Day after day it was the same thing; the same sea, the same nets, the same boat, the same back-breaking chores with the same guys. Day after day it was wind, water, fish, sore muscles, tired bodies. They’d grown up watching their father and their grandfather, maybe their great-grandfather and uncles do the same thing every day – .watching their future playing out before them.
Cast the net, pull it in. Cast the net, pull it in. If you were not casting the net, then you were sitting in the boat mending the nets or on the dock preparing the bait. Maybe that’s where we get the expression: either fish or cut bait – but don’t just sit there and do nothing.
We may not fish for a living but we do know about preparing bait, mending and casting nets. Some days it seems like nothing changes. We get tempted not to expect anything to change. This is the reality; it’s is just the way it is and the way it’s going to be.
But then we hear Jesus’ invitation: “Follow me!” It’s an invitation to a new life. It’s a knock a side of the head – an eye-opener. When Jesus said, “I will make you fish for people,” he was describing the transformation of our own lives, not simply a promise of new vocations.
This invitation is to an inner journey, a journey into the deepest part of our being. It’s not about planning and organizing, making lists, or packing camping gear or backpacks or suitcases. It’s not a vacation invitation. It’s not about gathering stuff, it’s about leaving things behind. The Scripture says: “Immediately upon hearing Jesus’ invitation they left their nets behind and followed him.” Imagine the look of puzzlement on Zebedee’s face at finding himself alone in the boat. They didn’t simply leave what they were doing; they left their father and the tools of their livelihood: their boat and their nets.
That’s the hard part for most of us. We’re pretty good at accumulating things and clinging to relationships but maybe not so good at letting go. More often than not our spiritual growth involves some kind of letting go. We never get anywhere new as long as we’re unwilling to leave where we are. We accept Jesus’ invitation to follow, not by packing up, but by letting go.
So, what are the nets that entangle us? What are the little boats that contain our life? What do we need to let go of and leave behind so that we might follow Jesus?
People who enjoy fishing are patient people. They cast their line into the water then wait and wait for a fish to swim by and take the bait. A plain hook alone does not interest most fish. And, some fish are picky about what will tempt them. There must be something on the hook that attracts the fish’s attention and whet’s their taste.
If you ask a person who likes to fish what is the best bait to use, they’re usually eager to tell you what works best to attract the attention of a fish. What they use for bait often depends upon what type of fish they are trying to catch. Sometimes it is the color of the lure on the line that attracts a fish. Sometimes is it actual bait. Sometimes it’s not food at all. It can be a “fly,” a lure fashioned out of thread and small feathers to look like a real fly or another type of insect.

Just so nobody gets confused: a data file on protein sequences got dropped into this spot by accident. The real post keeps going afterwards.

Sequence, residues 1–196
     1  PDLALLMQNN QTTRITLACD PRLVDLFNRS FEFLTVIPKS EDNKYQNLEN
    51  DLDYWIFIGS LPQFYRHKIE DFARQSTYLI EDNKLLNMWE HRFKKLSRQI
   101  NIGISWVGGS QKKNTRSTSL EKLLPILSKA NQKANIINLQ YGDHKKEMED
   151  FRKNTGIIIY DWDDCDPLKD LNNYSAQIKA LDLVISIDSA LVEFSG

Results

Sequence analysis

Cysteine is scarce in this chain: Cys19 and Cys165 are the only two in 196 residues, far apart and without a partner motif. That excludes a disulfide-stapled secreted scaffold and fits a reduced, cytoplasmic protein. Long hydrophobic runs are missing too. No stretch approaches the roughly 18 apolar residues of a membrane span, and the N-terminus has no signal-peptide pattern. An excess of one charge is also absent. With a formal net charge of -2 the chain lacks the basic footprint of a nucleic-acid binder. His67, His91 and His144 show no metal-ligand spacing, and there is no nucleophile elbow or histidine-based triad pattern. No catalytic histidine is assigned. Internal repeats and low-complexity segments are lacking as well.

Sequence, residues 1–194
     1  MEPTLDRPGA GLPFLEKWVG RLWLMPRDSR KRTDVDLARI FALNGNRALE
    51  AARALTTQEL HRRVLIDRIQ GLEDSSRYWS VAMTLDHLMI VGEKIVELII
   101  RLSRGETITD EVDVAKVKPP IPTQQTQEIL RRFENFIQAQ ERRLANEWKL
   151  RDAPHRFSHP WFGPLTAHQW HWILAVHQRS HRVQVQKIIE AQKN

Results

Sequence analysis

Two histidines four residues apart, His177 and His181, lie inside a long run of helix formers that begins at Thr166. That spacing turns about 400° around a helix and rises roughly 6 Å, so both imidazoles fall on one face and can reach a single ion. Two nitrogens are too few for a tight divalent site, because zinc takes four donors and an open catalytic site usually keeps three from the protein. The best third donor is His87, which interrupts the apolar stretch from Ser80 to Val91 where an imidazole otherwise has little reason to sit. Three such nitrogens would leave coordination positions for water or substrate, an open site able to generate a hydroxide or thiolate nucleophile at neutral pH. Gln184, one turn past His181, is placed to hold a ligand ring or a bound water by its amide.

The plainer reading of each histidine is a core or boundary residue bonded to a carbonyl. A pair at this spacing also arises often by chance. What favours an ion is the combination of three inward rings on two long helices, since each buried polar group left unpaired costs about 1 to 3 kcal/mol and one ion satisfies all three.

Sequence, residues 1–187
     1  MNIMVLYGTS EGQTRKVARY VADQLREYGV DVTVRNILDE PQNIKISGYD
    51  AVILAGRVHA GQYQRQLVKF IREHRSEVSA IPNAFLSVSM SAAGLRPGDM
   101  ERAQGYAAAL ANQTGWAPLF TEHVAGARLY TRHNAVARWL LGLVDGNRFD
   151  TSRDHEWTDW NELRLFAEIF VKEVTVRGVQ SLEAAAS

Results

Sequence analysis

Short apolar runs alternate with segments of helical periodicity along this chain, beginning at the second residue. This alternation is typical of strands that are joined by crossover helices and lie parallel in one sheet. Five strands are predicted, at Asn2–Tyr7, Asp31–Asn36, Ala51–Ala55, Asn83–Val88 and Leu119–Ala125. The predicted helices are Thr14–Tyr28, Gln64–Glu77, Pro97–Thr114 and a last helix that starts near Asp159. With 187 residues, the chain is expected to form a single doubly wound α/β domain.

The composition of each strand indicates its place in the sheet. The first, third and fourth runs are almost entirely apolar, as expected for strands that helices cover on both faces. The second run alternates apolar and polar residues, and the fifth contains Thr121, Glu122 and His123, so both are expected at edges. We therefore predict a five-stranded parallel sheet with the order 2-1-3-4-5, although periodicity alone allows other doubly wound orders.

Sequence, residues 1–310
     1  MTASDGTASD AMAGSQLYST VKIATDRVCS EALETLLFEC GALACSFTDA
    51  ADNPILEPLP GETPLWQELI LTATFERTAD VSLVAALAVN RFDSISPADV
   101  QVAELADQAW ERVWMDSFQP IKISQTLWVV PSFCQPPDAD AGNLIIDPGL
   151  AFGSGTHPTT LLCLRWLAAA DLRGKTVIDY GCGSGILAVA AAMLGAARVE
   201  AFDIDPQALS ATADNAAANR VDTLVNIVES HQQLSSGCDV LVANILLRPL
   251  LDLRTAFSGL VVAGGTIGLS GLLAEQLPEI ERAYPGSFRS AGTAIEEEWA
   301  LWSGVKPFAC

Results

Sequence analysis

Jesus told his disciples that he would teach them how to “fish for people.” He showed all of us that the way to do that is to have God’s love in our own lives, evident between us and to share it with others.
A variety of motives influence people to exchange their old lives for new ones. What commitments convince Vocation Seekers that it’s worth leaving behind life as they know it? Most of us know from our own and each other’s vocation stories, it’s the relationships we witness and experience within a community much more so than ministries that prompt new-comers to “test the waters.”
We, our community, can put all full energy into the production all kinds of “lures” and “bait” …retreats and workshops, attractive vocation materials, holy cards, videos, websites and other social media … but that’s only part of what Jesus meant when he promised to teach us how to fish for people. And, remember if we’re fishing from our boat each one has to do her assigned task of mending the nets, casting the line or preparing bait … no slackers allowed. And, all of us have to row in sync lest we tangle oars or go in perpetual circles. Look to Jesus – how did He fish? He taught, He gave witness, He invited, He did not disappoint, He was (and is) faithful to His word.
Knowing all that, what witness do we need to be constantly giving? What do we need to leave behind (individually and communally) to convince an observer that our community is worth a further look? What is the bait, the lure that will prompt more questions, extended visits, developing relationships and finally prompt the Seeker to have the daring to say “This is where I feel God is calling me; I’m willing to leave all behind for the sake of Jesus’ call, with these Sisters (whom I now call my own) here at Holy Name.”
~Reflection by Sister Roberta Bailey, OSB, Prioress